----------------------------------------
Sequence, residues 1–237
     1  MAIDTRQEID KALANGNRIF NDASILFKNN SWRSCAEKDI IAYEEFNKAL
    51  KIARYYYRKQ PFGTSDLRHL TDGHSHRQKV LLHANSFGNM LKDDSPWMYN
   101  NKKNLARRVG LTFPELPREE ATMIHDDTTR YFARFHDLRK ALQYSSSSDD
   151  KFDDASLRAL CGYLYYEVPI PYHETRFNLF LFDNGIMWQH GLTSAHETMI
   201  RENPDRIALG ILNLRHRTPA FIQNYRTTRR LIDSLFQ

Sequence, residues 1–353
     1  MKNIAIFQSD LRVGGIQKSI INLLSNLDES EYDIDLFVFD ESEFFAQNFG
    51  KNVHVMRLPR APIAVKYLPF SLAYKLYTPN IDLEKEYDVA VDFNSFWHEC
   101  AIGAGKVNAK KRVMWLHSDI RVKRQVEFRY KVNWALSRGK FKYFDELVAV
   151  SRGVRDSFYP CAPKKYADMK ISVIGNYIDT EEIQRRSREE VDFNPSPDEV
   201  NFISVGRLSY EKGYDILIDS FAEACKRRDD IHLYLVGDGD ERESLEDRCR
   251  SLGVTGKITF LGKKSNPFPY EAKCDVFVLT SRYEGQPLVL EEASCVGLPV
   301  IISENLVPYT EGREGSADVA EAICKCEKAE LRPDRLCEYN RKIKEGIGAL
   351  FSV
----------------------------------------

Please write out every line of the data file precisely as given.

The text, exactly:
Sequence, residues 1–237
     1  MAIDTRQEID KALANGNRIF NDASILFKNN SWRSCAEKDI IAYEEFNKAL
    51  KIARYYYRKQ PFGTSDLRHL TDGHSHRQKV LLHANSFGNM LKDDSPWMYN
   101  NKKNLARRVG LTFPELPREE ATMIHDDTTR YFARFHDLRK ALQYSSSSDD
   151  KFDDASLRAL CGYLYYEVPI PYHETRFNLF LFDNGIMWQH GLTSAHETMI
   201  RENPDRIALG ILNLRHRTPA FIQNYRTTRR LIDSLFQ

Sequence, residues 1–353
     1  MKNIAIFQSD LRVGGIQKSI INLLSNLDES EYDIDLFVFD ESEFFAQNFG
    51  KNVHVMRLPR APIAVKYLPF SLAYKLYTPN IDLEKEYDVA VDFNSFWHEC
   101  AIGAGKVNAK KRVMWLHSDI RVKRQVEFRY KVNWALSRGK FKYFDELVAV
   151  SRGVRDSFYP CAPKKYADMK ISVIGNYIDT EEIQRRSREE VDFNPSPDEV
   201  NFISVGRLSY EKGYDILIDS FAEACKRRDD IHLYLVGDGD ERESLEDRCR
   251  SLGVTGKITF LGKKSNPFPY EAKCDVFVLT SRYEGQPLVL EEASCVGLPV
   301  IISENLVPYT EGREGSADVA EAICKCEKAE LRPDRLCEYN RKIKEGIGAL
   351  FSV